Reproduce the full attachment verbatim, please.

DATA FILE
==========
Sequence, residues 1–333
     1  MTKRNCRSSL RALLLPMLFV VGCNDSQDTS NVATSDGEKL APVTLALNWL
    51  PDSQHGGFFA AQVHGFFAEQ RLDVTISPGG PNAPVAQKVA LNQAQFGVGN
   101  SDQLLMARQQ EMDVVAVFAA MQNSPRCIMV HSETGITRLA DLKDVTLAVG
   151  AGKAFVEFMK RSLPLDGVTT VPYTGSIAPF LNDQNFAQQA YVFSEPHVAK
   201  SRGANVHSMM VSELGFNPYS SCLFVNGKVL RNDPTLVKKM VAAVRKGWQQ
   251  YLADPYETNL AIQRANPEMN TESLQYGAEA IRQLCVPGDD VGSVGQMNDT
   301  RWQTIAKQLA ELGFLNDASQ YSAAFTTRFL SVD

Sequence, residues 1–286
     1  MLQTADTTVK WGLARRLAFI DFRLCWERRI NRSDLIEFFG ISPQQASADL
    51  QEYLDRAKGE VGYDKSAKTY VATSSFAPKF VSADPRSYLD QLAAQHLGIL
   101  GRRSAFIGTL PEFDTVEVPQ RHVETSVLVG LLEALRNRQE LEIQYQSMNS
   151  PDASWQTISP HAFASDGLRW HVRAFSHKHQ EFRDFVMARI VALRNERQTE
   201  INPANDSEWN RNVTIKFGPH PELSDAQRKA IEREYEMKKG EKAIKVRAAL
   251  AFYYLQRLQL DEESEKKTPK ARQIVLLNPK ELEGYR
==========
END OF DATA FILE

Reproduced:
Sequence, residues 1–333
     1  MTKRNCRSSL RALLLPMLFV VGCNDSQDTS NVATSDGEKL APVTLALNWL
    51  PDSQHGGFFA AQVHGFFAEQ RLDVTISPGG PNAPVAQKVA LNQAQFGVGN
   101  SDQLLMARQQ EMDVVAVFAA MQNSPRCIMV HSETGITRLA DLKDVTLAVG
   151  AGKAFVEFMK RSLPLDGVTT VPYTGSIAPF LNDQNFAQQA YVFSEPHVAK
   201  SRGANVHSMM VSELGFNPYS SCLFVNGKVL RNDPTLVKKM VAAVRKGWQQ
   251  YLADPYETNL AIQRANPEMN TESLQYGAEA IRQLCVPGDD VGSVGQMNDT
   301  RWQTIAKQLA ELGFLNDASQ YSAAFTTRFL SVD

Sequence, residues 1–286
     1  MLQTADTTVK WGLARRLAFI DFRLCWERRI NRSDLIEFFG ISPQQASADL
    51  QEYLDRAKGE VGYDKSAKTY VATSSFAPKF VSADPRSYLD QLAAQHLGIL
   101  GRRSAFIGTL PEFDTVEVPQ RHVETSVLVG LLEALRNRQE LEIQYQSMNS
   151  PDASWQTISP HAFASDGLRW HVRAFSHKHQ EFRDFVMARI VALRNERQTE
   201  INPANDSEWN RNVTIKFGPH PELSDAQRKA IEREYEMKKG EKAIKVRAAL
   251  AFYYLQRLQL DEESEKKTPK ARQIVLLNPK ELEGYR